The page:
Gut Instinct

Understanding Food Intolerance and the Links to Food Cravings and Chronic Illnesses

by Graeme Bradshaw

Mary's Story

"Mary" came to the clinic and asked me how she had developed food intolerances as an adult. As she told me about her health issues, it emerged that she had been given a lot of antibiotics as a girl for earaches and chesty coughs. At 17, she had glandular fever (mononucleosis) that took her a good while to get over. She wondered if it recurred when she was stressed and tired. Also, every year she needed a couple of courses of antibiotics for bad chesty colds or sometimes for sinusitis. In addition, I suspected that her fibromyalgia (chronic muscle pains) fit a class of cases where chronic intestinal infection followed a weakened immune system.

I then asked her if she often had thrush, and she flushed and asked how I knew. Yeast or fungal infections lasting many years are an important sign that the intestines have become home to several unfriendly bacteria and fungi, and that the levels of immune-supporting good bacteria called probiotics are very low. For women this often shows as vaginal itching and discharge, while men may have "jock itch," especially in summer.

As we talked some more she mentioned a lot of bloating, and that bread and beer were the worst culprits. "They make me look three months pregnant — people are always asking!" she said. Mary's muscle pain symptoms had lasted now for two years. She had frequent headaches and felt extremely tired, to the point where it was difficult to keep working. She was sleeping terribly, which was "becoming depressing." As she spoke, she had some tears and anxiety on her face as she worried out loud if she could get better.

Food Intolerance vs. Food Allergy

Do you love pasta, bread, or ice-cream so much you crave it frequently? Could it be a case of food intolerance and the gut instinct gone wrong? Many people suffer from food hypersensitivity and intolerance and are often not aware of it. Sufferers might actually love the food and even crave it.

Food intolerance is not to be confused with food allergies, however. A food allergy occurs when the immune system over-reacts to certain food particles, causing the body to mistakenly produce an antibody (IgE) to fight off the otherwise harmless antigens. The slightest exposure to the food particle is enough to trigger an uncomfortable food allergy reaction like itching, scratching, or sneezing. These symptoms of an allergic reaction occur almost immediately. Sometimes it includes swelling of the lips, mouth, and throat, even an alarming shortness of breath with wheezing.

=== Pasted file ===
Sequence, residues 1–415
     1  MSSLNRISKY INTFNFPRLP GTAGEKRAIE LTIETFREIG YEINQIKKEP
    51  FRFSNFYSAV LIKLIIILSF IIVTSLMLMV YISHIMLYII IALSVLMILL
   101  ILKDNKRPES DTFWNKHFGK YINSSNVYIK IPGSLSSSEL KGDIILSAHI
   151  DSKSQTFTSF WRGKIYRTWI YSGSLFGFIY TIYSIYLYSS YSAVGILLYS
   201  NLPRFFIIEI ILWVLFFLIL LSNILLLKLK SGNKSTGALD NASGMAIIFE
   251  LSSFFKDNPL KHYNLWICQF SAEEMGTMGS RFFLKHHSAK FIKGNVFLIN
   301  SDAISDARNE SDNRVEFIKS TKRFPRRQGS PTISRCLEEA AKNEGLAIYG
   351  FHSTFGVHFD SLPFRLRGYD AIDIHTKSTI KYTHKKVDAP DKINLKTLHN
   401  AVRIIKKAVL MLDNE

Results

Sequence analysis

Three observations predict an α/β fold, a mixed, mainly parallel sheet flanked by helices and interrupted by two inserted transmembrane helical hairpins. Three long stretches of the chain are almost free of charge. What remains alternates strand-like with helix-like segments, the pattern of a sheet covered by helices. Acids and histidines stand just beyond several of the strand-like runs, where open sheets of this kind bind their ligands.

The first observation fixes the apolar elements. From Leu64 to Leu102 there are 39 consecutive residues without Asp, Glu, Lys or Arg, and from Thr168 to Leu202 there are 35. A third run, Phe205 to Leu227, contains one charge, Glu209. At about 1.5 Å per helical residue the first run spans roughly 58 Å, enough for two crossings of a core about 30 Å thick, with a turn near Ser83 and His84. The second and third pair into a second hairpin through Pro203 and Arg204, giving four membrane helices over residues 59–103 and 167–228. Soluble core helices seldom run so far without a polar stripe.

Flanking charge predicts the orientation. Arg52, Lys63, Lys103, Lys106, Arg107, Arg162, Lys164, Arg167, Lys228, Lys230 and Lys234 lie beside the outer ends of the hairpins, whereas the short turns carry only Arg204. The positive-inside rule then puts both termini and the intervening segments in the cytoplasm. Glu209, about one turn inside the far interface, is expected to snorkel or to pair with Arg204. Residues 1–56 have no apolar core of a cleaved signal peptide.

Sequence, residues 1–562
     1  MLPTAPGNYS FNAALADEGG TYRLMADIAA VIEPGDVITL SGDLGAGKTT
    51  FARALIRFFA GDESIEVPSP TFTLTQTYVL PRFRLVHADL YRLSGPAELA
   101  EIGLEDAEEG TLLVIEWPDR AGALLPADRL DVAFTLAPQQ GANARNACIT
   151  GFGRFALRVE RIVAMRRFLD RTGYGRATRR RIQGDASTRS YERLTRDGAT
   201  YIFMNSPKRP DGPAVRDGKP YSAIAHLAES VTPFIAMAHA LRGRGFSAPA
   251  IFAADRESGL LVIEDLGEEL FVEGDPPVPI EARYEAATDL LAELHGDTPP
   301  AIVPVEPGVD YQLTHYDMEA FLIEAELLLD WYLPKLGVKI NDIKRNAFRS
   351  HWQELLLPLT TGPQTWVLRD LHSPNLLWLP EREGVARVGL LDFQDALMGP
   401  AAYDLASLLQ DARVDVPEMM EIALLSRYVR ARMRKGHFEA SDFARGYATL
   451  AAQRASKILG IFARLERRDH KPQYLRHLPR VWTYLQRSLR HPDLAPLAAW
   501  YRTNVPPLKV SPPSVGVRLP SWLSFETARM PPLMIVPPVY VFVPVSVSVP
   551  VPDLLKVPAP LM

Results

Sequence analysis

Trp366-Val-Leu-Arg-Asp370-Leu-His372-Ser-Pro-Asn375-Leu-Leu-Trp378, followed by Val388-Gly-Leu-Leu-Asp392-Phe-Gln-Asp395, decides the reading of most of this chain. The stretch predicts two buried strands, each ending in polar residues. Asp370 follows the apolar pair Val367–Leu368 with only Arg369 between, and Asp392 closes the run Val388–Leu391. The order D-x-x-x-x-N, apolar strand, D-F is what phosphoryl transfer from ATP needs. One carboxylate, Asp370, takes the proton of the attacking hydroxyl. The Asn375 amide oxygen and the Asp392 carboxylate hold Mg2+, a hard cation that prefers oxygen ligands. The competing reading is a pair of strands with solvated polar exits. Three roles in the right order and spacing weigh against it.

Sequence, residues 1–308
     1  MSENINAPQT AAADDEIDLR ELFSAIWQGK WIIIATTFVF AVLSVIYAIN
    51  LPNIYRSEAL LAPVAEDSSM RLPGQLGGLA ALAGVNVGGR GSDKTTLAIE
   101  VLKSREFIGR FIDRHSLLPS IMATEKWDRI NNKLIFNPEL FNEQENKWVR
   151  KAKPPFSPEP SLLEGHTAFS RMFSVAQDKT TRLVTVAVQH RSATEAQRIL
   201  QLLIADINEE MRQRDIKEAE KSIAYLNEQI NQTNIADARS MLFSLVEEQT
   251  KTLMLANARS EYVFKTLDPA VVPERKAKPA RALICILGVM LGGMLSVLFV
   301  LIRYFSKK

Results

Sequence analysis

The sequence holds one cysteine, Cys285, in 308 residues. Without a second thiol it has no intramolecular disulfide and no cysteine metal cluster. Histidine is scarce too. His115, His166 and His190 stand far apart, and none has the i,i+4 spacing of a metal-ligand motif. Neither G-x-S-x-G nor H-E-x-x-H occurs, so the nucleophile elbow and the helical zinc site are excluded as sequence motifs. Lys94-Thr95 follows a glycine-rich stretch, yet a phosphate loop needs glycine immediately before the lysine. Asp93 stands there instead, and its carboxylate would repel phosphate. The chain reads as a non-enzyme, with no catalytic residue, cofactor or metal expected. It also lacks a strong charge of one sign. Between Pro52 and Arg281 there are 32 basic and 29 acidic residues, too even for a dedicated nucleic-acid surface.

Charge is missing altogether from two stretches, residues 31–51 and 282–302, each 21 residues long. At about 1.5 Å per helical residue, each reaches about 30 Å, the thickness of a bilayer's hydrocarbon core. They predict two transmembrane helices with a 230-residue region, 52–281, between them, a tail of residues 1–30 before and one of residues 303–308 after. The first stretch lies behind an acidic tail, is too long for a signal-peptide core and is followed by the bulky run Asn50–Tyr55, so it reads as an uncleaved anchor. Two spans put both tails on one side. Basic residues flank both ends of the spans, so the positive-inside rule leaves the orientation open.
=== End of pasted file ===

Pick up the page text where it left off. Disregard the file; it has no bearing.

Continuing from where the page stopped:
Food intolerance, on the other hand, is more common and often goes unnoticed because symptoms can arise hours or days after the food is ingested. These symptoms might be as mild as gas and bloating, or as severe as arthritis and chronic fatigue. One of the most common types is intolerance is lactose. Many people have a shortage of the enzyme lactase that is needed to break down a type of sugar in the milk called lactose. Without lactase, symptoms such as an irritable gassy bowel, diarrhoea, and cramps often occur. (Certain strains of probiotics can help you digest sugars like lactase and reduce gas and bloating. Ask our dispensary team for more information.)

The immune system does get involved in food intolerances. Rather than producing the fast-acting IgE and histamine, the body produces IgG antibodies. These antibodies and the body's reactions tend to first affect the liver and then move into weaker body tissues and "agglutinate" there — get stuck — and cause delayed reactions of inflammation. Intolerances to gluten or wheat, for example, gradually cause inflammatory antibodies to accumulate first in the intestines (which swell up), but may travel to the skin (eczema), or joints (arthritis).

The other major effect of the reactions is to cause food cravings. This happens when inflammation in the liver induced by the food intolerance causes a chemical reaction that leads to low blood sugar levels (reactive hypoglycemia). The craving is usually not only for sugar, but also for sugar mixed with the triggering food (e.g., wheat flour in bread, biscuits, or maybe milk chocolate).

In Mary's case, we found that she had an intolerance to wheat, milk, yeast, and cola nut — she loved colas to keep her energy going! Bread and sugar were the foods she craved, as both were feeding the fungal overgrowths she had inside her.

Food Intolerance and Chronic Illness

Identifying food intolerances is important because it is very often linked to chronic diseases such as fibromyalgia, eczema, asthma, arthritis pain, irritable bowel syndrome, chronic fatigue, and even depression or hyperactivity. Food intolerance may be the major factor causing these illnesses or it may exacerbate the underlying genetic predisposition.

A case of food intolerance often develops in adulthood, unlike allergies that tend to go away as children grow up. In adults, food intolerance often begins with weak immunity, which is generally induced by stress or a lack of Vitamin D, vital minerals such as zinc, or probiotic gut flora.